One day I fell asleep in North Carolina and several months later, just like on TV, woke up in California. But unlike your favorite series, it wasn’t a clean cut. It wasn’t easy or without pain. If you are still with me after this extended hiatus you are either very patient or, more likely, related to me but either way thanks for hanging around. We’ll now resume where we left off, tackling the 100 THINGS TO DO BEFORE YOU GROW UP. This week’s challenge is to STEP OUTSIDE OF YOUR COMFORT ZONE.
Let’s be honest, this is pretty much a staple of adulthood. As you get older you realize that you can somewhat design your life to minimize encountering situations that require you to step outside your comfort zone. I was probably 24 years old before I realized that I actually didn’t have to ride roller coasters if I didn’t want to. But with this challenge I feel like I’ve stumbled onto what is probably the existential test of the average person’s life: how to balance comfort and security with continued growth and purpose. Now, I’m no self-help expert so if you are expecting me to give you some timely tools to help you with this I’m going to assume that you are new to this blog and assign you the chore of reading the earlier posts and then going to the library for the latest self-help title.
The book suggests trying a new food, talking to someone you’ve never met, or exploring somewhere you’ve never been. It says you’ll never know what you’re truly capable of until you push beyond your boundaries a little bit. I agree. I’ve gotten better at trying new foods as I’ve aged, I’m embarrassed to say that sometimes I am that person who chats up the next person in line and I like to explore places I’ve never been. These are good comfort zones to expand as a kid. Life as a military spouse requires a fair amount of time outside the comfort zone. I have learned a couple of things, both as a military spouse and just a participant in life. 1. Discomfort is okay, it’s temporary and usually not as bad as you expected. 2. Always look forward. My kids know that “Don’t look back” is a long-standing motto of mine, usually deployed upon seeing an animal hovering at the edge of a highway. If we can’t stop something from happening without hurting ourselves our best recourse is to not look back. I guess what I’m saying is, don’t torture yourself over things you can’t change. 3. Who am I kidding? I don’t have a number three.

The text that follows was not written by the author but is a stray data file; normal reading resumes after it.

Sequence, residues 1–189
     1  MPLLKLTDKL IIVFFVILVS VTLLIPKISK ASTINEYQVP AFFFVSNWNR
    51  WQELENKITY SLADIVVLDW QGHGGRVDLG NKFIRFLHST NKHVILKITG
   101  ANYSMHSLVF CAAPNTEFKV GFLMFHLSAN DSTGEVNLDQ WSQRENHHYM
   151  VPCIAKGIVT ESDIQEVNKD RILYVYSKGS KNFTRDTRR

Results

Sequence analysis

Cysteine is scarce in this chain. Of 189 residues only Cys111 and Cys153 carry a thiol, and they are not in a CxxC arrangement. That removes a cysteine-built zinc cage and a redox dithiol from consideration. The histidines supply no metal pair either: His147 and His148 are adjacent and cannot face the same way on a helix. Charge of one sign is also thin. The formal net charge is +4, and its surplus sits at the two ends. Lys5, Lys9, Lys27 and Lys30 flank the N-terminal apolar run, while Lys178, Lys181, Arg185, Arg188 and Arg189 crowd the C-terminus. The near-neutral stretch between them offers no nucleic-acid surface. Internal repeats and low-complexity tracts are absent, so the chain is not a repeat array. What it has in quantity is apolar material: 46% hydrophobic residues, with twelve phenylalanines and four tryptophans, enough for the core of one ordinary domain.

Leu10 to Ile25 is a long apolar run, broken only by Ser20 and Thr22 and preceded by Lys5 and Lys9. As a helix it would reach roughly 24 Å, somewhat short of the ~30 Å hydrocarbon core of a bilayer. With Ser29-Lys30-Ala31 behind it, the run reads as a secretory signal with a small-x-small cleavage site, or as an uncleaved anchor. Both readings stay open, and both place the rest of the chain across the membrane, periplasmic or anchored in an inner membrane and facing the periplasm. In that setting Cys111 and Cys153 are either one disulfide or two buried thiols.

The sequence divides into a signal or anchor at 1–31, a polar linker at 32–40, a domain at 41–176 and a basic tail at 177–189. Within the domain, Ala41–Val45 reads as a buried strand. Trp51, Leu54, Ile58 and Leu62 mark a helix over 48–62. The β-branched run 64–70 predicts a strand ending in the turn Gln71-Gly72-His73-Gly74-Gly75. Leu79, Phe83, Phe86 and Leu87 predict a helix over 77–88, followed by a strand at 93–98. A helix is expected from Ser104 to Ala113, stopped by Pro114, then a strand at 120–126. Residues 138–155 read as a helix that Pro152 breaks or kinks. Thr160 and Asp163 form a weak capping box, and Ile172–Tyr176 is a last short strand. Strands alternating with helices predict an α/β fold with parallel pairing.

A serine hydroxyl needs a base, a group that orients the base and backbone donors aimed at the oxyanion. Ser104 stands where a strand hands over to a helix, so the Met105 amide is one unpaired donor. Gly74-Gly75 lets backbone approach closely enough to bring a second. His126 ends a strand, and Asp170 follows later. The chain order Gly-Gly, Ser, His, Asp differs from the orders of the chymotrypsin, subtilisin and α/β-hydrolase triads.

Sometimes pushing yourself means trying tripe or attending a conference where you know no one. Other times life gives you a push. For the first time in 27 years I am living in a house without any of my kids. Not only do they not live with me, they live on the other side of the country. Now, I know that many people have it much worse. I have friends living in other countries that put their college student on a plane in August and don’t see them again until June. Comparing one person’s trials against another’s is a long and deep rabbit hole that I have no interest in digging. What I’m saying is that I am outside my comfort zone and I’m doing ok. Next week I’ll spend the first Thanksgiving, since I had kids, without kids. But, I’m happy that they will all be together. And, I know that we will all be together again. I’m embracing the discomfort, enjoying time as an empty nester with my co-empty nester, and not looking back. It’s been exciting to watch as my little people have developed into big people. More importantly, developed into good people. The kind of solid people that you spend a lifetime of love and patience, mistakes and worry, pain and joy, hoping you’ll end up with.
So, how big is your comfort zone? Are you a roller coaster rider? A raw fish eater? An empty nester? I’d love to hear your experiences. If you did look back on that road and what you saw wasn’t pleasant please keep it to yourself and I won’t say I told you so.
Before you go…I’m well aware that “don’t look back” could be construed as encouraging denial as a coping tool. Your point is?